Native American adolescents also tend to engage in health compromising behaviors such as poor dietary practices and injuries related to substance abuse. Physical problems related to continued mental distress are being experienced at higher rates than their non-Native peers as well (Beauvais, 1996). Of the various minority populations in the United States, Native American youth experience the largest substance related high school dropout rates (Cameron, 1999) and are using the widest varieties of the most volatile substances available (Novins & Mitchell, 1998). Of these volatile substances, inhalants are fast becoming one of the more widely abused substances, particularly within the pre-teen Native population. Inhalant use is said to be well on it's way to replacing marijuana as the "gateway" substance for those who develop a dependency on alcohol and/or other drugs (Howard, et. al, 1999). Although marijuana use among Native American youth, which is generally higher for males than for females, should still be regarded as one of the most widely abused gateway drugs (Mitchell & Plunkett, 2000), for those youth who engage in inhalant use, the progression to serious levels of other drug use is much faster for those whose earliest drug use is marijuana and/or alcohol (Herring, 1994). This literature review suggests that there are significant indicators that differentiate the substance abuse problem among indigenous people from those of contemporary society.
Mainstream substance abuse prevention programs have minimal effect when attempting to address the Native American youth population. Unfortunately, many programs that serve Native American client populations fall short of providing adequate treatment services since most are only now starting to become more culturally competent as they begin to incorporate these competencies into their practices (Weaver, 1999).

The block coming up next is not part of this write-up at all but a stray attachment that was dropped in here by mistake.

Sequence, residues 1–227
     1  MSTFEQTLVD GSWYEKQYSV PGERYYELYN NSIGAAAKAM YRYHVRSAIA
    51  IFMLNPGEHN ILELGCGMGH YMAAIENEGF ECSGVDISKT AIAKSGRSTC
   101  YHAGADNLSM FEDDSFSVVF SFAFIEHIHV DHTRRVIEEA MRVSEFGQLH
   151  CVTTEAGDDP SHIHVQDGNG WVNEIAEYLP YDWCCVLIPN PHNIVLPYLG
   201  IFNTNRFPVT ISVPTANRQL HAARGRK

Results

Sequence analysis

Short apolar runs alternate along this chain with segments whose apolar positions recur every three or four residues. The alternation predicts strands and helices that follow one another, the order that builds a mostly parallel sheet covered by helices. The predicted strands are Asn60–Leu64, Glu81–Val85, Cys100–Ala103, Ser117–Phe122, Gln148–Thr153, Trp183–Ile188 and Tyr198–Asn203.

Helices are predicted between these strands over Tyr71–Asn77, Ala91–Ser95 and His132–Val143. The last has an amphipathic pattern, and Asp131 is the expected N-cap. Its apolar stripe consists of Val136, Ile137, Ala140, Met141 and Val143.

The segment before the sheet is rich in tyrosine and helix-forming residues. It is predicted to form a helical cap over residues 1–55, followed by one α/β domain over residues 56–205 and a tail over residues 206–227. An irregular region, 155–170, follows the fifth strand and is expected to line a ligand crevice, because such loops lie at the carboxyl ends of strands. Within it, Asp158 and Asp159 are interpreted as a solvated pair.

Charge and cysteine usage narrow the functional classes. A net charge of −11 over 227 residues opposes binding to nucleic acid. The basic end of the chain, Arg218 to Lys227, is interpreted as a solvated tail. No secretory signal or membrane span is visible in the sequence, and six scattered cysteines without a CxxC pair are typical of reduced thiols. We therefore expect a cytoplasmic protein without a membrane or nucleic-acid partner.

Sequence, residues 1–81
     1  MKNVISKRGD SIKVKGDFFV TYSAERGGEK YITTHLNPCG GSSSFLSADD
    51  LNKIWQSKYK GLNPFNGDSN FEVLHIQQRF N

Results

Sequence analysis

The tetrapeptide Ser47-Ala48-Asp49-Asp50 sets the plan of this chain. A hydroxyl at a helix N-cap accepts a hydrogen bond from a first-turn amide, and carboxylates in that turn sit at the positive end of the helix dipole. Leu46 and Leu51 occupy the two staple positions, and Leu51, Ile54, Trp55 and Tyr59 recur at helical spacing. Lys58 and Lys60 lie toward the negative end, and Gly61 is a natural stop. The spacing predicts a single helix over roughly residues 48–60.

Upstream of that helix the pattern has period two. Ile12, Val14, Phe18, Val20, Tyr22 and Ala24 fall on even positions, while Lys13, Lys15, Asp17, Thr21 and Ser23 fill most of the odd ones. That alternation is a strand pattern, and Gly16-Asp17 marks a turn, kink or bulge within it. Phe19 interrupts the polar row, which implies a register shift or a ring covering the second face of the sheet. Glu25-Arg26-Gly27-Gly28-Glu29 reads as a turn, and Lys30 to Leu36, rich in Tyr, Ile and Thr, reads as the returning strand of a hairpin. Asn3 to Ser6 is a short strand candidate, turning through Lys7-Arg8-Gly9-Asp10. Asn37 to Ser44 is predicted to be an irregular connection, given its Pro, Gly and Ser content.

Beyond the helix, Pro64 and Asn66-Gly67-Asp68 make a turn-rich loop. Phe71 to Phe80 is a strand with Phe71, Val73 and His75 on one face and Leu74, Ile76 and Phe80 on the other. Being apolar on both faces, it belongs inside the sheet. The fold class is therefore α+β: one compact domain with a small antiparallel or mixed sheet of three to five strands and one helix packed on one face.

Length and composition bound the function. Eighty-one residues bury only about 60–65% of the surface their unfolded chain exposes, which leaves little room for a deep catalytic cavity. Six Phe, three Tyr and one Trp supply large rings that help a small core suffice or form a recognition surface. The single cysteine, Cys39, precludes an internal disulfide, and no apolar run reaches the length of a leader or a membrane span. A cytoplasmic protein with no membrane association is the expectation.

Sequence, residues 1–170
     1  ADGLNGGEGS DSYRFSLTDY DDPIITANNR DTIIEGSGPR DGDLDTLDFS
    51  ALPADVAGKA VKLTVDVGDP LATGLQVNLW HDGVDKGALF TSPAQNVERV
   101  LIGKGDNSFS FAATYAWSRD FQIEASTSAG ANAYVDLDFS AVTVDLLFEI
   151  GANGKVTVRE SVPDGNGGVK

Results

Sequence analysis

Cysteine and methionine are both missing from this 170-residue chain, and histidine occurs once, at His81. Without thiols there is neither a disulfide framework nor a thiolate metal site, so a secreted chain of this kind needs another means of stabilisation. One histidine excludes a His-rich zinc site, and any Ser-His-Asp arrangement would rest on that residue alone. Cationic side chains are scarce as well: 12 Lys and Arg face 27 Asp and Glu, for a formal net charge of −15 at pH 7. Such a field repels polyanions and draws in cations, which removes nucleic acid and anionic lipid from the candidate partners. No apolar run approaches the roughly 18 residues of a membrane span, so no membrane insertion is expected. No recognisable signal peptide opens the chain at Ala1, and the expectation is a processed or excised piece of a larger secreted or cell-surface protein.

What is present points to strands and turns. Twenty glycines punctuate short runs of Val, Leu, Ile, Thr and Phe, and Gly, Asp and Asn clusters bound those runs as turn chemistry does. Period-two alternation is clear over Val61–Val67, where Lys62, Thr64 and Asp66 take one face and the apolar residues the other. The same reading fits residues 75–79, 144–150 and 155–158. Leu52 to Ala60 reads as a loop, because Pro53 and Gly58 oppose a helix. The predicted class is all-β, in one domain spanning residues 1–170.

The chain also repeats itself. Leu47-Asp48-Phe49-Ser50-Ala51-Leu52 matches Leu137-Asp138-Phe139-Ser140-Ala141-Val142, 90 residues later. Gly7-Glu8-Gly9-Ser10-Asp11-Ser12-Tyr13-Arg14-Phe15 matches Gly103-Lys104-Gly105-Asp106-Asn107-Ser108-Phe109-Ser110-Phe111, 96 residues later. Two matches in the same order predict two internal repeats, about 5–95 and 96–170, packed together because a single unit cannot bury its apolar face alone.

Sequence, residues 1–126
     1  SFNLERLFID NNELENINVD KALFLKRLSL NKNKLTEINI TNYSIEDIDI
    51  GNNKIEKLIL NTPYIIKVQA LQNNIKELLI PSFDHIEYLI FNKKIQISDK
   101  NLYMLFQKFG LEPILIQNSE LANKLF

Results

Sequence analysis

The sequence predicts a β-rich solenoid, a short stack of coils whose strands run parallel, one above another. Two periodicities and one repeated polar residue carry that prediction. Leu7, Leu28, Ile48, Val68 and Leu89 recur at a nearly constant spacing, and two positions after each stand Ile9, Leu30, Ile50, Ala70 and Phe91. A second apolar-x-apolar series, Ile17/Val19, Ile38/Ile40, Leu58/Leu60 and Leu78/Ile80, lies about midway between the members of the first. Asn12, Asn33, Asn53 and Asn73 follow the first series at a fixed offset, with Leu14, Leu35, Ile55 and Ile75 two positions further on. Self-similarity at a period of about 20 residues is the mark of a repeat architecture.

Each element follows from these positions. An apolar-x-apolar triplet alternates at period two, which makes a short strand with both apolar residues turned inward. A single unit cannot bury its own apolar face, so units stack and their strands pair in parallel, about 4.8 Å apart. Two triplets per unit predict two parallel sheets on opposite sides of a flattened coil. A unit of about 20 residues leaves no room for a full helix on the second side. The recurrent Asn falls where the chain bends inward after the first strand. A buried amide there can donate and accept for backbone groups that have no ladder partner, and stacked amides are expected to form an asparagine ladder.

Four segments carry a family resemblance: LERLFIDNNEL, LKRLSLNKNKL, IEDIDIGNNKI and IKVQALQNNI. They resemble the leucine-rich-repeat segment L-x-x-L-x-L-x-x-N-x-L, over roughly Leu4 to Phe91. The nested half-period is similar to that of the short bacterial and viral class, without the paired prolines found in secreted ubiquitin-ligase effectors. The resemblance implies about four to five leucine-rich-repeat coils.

More recently, the threat of HIV/AIDS is increasing in Native America with the highest rates being identified in the subgroups of Native people who are injecting illegal drugs and engaging in sexual activity. As a result of this combination, the rates of HIV/AIDS among Native Americans has doubled within the last three years (Baldwin, et. al., 1999).
Contemporary Native American Youth
It is widely accepted that societies and groups are the outcome of their historical development and the factors that are significant to their group's development. Some of the issues facing contemporary Native American youth are the direct result of initiatives and government sponsored programs initiated during the late 1800's to mid-1950's; efforts that were said to be designed to address the Indian "problem." These initiatives and programs, particularly those including boarding schools, did more to disrupt Native American life than any other government sponsored effort.
Boarding schools were the result of a governmental policy initiated in 1819 called the Civilization Fund Act and was designed to provide legal rights to non-native run agencies and churches whose goal was to civilize the Indian. This initiative eventually evolved into little more than militaristic boot camps for Indigenous children where these children were prohibited from speaking their languages, practicing their customs, or using their true names given to them by their Nations (Cross, Earle, Simmons, 2000). The long lasting effects of these schools have led to the steady decline of the natural Native American family system in many areas of North America (Harrod, 1999). In addition to the damaging effects that this initiative has had on the traditional extended family system, communal child rearing practices fell victim to this effort leaving many children feeling abandoned and lost in a world without a connection or in the care of adults who were ill-equipped to occupy the role of parents; having only the abusive child development practices of the boarding school to rely on as a model for their own parenting skills. This condition has been found to significantly contribute to Native American adolescents exorbitantly high rates of suicide, substance abuse, and risky health behaviors which are the highest of any other minority group in North America (Manson, Beals, Dick, Duclos, 1989).